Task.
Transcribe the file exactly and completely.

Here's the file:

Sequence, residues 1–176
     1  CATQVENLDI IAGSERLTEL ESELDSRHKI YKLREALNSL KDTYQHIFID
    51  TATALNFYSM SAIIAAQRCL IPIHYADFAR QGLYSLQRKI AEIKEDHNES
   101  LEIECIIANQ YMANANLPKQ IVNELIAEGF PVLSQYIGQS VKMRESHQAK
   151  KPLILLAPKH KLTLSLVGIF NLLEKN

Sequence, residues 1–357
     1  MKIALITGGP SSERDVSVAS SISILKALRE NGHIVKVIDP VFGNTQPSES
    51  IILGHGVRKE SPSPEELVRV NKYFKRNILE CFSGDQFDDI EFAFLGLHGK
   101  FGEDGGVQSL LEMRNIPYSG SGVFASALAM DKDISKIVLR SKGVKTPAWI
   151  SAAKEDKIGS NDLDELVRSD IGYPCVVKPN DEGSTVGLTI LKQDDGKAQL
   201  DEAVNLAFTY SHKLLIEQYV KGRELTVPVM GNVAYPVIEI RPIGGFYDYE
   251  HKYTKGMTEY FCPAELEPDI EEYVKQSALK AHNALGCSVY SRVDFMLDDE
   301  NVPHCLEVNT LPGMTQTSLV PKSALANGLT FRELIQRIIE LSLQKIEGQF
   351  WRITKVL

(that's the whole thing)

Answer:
Sequence, residues 1–176
     1  CATQVENLDI IAGSERLTEL ESELDSRHKI YKLREALNSL KDTYQHIFID
    51  TATALNFYSM SAIIAAQRCL IPIHYADFAR QGLYSLQRKI AEIKEDHNES
   101  LEIECIIANQ YMANANLPKQ IVNELIAEGF PVLSQYIGQS VKMRESHQAK
   151  KPLILLAPKH KLTLSLVGIF NLLEKN

Sequence, residues 1–357
     1  MKIALITGGP SSERDVSVAS SISILKALRE NGHIVKVIDP VFGNTQPSES
    51  IILGHGVRKE SPSPEELVRV NKYFKRNILE CFSGDQFDDI EFAFLGLHGK
   101  FGEDGGVQSL LEMRNIPYSG SGVFASALAM DKDISKIVLR SKGVKTPAWI
   151  SAAKEDKIGS NDLDELVRSD IGYPCVVKPN DEGSTVGLTI LKQDDGKAQL
   201  DEAVNLAFTY SHKLLIEQYV KGRELTVPVM GNVAYPVIEI RPIGGFYDYE
   251  HKYTKGMTEY FCPAELEPDI EEYVKQSALK AHNALGCSVY SRVDFMLDDE
   301  NVPHCLEVNT LPGMTQTSLV PKSALANGLT FRELIQRIIE LSLQKIEGQF
   351  WRITKVL